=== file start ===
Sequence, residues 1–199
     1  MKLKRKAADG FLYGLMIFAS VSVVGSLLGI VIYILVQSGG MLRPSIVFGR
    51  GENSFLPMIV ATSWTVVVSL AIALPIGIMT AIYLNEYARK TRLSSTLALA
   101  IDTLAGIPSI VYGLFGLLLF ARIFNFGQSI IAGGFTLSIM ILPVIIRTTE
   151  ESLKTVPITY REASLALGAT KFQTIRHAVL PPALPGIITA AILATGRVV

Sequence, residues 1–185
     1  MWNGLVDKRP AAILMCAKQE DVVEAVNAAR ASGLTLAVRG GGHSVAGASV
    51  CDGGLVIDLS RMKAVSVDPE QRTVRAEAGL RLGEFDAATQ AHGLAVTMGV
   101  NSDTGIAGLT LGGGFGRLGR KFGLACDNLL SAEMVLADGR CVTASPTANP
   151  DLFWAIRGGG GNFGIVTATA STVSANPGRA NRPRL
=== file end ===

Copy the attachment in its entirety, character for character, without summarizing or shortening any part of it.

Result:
Sequence, residues 1–199
     1  MKLKRKAADG FLYGLMIFAS VSVVGSLLGI VIYILVQSGG MLRPSIVFGR
    51  GENSFLPMIV ATSWTVVVSL AIALPIGIMT AIYLNEYARK TRLSSTLALA
   101  IDTLAGIPSI VYGLFGLLLF ARIFNFGQSI IAGGFTLSIM ILPVIIRTTE
   151  ESLKTVPITY REASLALGAT KFQTIRHAVL PPALPGIITA AILATGRVV

Sequence, residues 1–185
     1  MWNGLVDKRP AAILMCAKQE DVVEAVNAAR ASGLTLAVRG GGHSVAGASV
    51  CDGGLVIDLS RMKAVSVDPE QRTVRAEAGL RLGEFDAATQ AHGLAVTMGV
   101  NSDTGIAGLT LGGGFGRLGR KFGLACDNLL SAEMVLADGR CVTASPTANP
   151  DLFWAIRGGG GNFGIVTATA STVSANPGRA NRPRL